The hotel tax rose one percentage point, to 10 percent, and four downtown hotels were added to the Professional Sports Development Area, which captures state sales and income tax revenue, plus local income tax revenue, for the benefit of CIB.
CIB’s management held up its end of the bargain, slashing expenses and pursuing bond refinancing. The refinancing was critical, Lathrop said.
“But for that, we wouldn’t be able to be investing in our facilities,” she said.
Throughout its recovery, CIB kept up and actually increased funding for Visit Indy, the tourism marketing agency that keeps the convention center booked, or as Lathrop put it, “to make sure they could keep the revenue machine on.”
Most of the Visit Indy funding, $8 million a year, now comes from the city’s downtown tax-increment finance district, under a 2010 agreement with the Metropolitan Development Commission.
Should tax hikes sunset?
By the end of 2011, CIB netted $19.6 million from operations and had an $81.2 million reserve fund.
Yet in 2013, the Indianapolis City-County Council approved two more tourism-driven tax hikes, one on rental cars and the other on admissions to CIB’s downtown venues. The second round of tax hikes was permitted under the 2009 legislation, but Sen. Mike Young said he was skeptical about whether CIB really needed them.
A Marion County Republican, Young said he made sure the state’s 2013 budget bill included language that will sunset all of CIB’s tax increases, from 2009 forward, after 10 years. Lawmakers’ intention, he said, was to provide a mechanism for repaying the state loans.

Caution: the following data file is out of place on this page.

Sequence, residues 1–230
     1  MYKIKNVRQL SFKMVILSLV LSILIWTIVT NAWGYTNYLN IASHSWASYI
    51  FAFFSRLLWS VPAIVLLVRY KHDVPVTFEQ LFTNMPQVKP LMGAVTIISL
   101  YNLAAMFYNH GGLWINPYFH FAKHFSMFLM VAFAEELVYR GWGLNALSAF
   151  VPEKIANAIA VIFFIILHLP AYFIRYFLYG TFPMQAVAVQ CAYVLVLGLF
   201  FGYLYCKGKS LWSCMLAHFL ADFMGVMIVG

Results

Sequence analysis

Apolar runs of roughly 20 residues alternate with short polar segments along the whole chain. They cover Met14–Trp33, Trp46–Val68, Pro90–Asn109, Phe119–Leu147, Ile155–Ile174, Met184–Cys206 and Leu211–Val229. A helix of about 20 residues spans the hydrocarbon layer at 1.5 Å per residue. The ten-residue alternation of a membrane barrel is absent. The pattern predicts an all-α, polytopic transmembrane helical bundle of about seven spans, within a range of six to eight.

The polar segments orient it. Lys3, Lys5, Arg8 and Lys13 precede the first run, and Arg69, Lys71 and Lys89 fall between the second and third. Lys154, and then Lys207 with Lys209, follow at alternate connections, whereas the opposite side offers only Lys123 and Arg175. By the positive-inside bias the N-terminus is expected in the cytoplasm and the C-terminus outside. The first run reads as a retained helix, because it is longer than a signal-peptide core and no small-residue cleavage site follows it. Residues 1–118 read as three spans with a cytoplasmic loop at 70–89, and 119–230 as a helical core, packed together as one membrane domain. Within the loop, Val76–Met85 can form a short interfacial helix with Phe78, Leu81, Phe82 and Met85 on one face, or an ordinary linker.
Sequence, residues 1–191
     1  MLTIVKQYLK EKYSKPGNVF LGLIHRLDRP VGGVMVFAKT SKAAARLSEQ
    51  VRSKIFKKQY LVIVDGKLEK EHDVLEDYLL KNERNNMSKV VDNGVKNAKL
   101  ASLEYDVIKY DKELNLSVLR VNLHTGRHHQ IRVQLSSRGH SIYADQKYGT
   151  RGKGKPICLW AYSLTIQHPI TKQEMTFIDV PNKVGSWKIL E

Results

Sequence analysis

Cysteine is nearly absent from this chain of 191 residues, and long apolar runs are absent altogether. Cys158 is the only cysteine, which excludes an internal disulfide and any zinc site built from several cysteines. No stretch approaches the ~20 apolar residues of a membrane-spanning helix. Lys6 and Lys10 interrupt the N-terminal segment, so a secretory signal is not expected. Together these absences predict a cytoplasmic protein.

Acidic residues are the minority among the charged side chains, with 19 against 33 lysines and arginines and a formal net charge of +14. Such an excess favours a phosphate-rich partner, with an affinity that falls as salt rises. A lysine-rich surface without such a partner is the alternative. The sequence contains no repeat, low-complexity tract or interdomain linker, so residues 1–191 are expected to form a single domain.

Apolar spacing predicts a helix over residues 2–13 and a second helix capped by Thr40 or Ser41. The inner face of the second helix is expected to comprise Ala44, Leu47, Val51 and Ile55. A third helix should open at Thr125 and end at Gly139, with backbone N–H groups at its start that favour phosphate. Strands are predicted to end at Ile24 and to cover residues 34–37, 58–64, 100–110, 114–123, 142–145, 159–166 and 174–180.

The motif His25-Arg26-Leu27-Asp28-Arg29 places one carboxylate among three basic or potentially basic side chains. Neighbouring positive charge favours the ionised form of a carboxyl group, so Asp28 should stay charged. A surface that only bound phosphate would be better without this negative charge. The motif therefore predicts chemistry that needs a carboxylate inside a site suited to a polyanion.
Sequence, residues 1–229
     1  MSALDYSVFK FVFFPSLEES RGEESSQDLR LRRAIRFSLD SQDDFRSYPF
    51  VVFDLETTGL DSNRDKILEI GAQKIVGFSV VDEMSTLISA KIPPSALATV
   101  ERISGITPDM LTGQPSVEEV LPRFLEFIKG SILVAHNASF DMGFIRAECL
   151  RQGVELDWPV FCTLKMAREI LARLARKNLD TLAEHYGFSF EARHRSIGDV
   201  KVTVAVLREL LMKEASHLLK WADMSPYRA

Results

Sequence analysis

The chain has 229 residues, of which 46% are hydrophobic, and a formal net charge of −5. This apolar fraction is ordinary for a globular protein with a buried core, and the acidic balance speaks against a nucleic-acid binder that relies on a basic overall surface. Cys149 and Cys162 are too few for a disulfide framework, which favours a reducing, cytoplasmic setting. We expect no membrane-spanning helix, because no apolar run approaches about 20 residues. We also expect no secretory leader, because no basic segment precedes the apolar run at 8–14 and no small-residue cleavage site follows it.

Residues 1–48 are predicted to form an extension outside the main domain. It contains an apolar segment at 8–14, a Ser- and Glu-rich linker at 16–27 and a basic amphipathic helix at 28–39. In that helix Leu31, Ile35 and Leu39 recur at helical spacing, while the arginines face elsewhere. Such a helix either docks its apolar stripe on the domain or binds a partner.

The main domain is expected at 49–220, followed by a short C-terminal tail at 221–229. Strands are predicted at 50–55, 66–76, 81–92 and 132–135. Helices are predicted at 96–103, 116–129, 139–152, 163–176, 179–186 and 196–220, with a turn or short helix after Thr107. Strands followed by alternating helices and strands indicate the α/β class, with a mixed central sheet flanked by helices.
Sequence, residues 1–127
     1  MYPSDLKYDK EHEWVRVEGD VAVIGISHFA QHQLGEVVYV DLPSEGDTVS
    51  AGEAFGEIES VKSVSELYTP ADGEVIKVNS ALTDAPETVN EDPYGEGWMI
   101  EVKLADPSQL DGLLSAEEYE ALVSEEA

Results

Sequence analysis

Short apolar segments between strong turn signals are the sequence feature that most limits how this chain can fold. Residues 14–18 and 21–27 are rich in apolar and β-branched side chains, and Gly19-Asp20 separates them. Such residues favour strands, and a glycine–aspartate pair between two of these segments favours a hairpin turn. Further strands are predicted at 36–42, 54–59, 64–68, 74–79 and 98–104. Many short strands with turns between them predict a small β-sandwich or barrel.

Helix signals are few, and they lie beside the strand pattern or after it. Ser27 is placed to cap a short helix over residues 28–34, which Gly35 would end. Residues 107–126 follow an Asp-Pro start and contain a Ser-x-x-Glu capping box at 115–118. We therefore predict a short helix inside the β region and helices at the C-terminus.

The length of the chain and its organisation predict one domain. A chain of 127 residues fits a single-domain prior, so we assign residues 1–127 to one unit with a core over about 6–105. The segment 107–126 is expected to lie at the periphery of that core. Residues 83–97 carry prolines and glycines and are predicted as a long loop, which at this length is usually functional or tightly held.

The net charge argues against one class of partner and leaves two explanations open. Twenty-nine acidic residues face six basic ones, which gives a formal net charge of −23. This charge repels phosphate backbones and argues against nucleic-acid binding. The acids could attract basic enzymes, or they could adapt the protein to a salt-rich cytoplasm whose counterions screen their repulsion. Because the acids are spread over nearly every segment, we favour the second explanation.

Young particularly objected to CIB’s agreeing to share some of its revenue from the 2013 tax hikes with the city for public safety expenses.
State and local taxpayer support is one reason Moody’s Investors Service gives CIB debt its fourth-highest rating, AA3, credit analyst Tatiana Killen said. CIB will spend $37.4 million on debt service next year.
The debt on the football stadium and Indiana Convention Center expansion, completed in 2011, is backed by the state and covered by a package of tax hikes passed in 2005. Those taxes last year generated $53 million, which flowed directly to the state for debt payment.
Of the $89.9 million that stayed in CIB’s coffers, hotel taxes are the single-largest source of revenue, providing $31 million last year. Hotel revenue hit a record high in 2012 as Indianapolis hosted Super Bowl XLVI, and it stayed at that level through 2013, said James Wallis, executive vice president of Visit Indy.
“We’re pacing ahead this year,” Wallis said. “We’re potentially on pace to set another record.”
Wallis said he’s not sure whether the high will continue beyond 2014. “Really, when you get out beyond that, it’s hard to say because you don’t know if there’s going to be some significant event that affects the economy.”
CIB’s 2015 budget assumes 3-percent growth in hotel tax revenue over this year, meaning this year and next year would have to surpass the record revenue of a Super Bowl year. In 2017, the year to pay off the mall investors, CIB assumes 2-percent growth in hotel revenue.
Lathrop thinks it’s safe to assume the revenue will keep growing because Visit Indy’s convention bookings stretch to 2022, and the city is seeing more leisure travel.
If the city experiences the kind of revenue decline that hit in 2009, she said, “We’ve proved we can dial back the operating expenses.”•